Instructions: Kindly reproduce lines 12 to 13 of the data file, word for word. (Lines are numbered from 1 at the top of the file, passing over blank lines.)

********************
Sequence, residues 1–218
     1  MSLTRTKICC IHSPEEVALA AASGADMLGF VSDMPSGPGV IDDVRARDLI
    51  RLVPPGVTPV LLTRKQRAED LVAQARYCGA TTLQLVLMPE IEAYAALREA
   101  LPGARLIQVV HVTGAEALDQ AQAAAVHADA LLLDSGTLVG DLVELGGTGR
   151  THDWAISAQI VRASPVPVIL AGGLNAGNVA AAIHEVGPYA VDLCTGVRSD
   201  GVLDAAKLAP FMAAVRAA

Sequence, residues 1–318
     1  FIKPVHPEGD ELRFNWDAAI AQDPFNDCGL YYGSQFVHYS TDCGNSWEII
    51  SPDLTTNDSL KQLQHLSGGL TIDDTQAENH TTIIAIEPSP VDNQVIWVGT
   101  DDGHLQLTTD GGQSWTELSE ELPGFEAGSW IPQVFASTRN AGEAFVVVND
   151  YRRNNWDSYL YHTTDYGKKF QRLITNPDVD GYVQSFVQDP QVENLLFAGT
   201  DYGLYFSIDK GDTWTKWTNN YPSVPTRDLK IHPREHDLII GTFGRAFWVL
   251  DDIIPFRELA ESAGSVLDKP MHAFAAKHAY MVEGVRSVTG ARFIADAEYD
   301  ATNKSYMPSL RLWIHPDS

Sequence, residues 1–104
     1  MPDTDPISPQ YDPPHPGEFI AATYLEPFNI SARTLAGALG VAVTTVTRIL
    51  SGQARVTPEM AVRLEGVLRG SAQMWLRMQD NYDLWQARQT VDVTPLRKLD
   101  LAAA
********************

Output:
   201  DYGLYFSIDK GDTWTKWTNN YPSVPTRDLK IHPREHDLII GTFGRAFWVL
   251  DDIIPFRELA ESAGSVLDKP MHAFAAKHAY MVEGVRSVTG ARFIADAEYD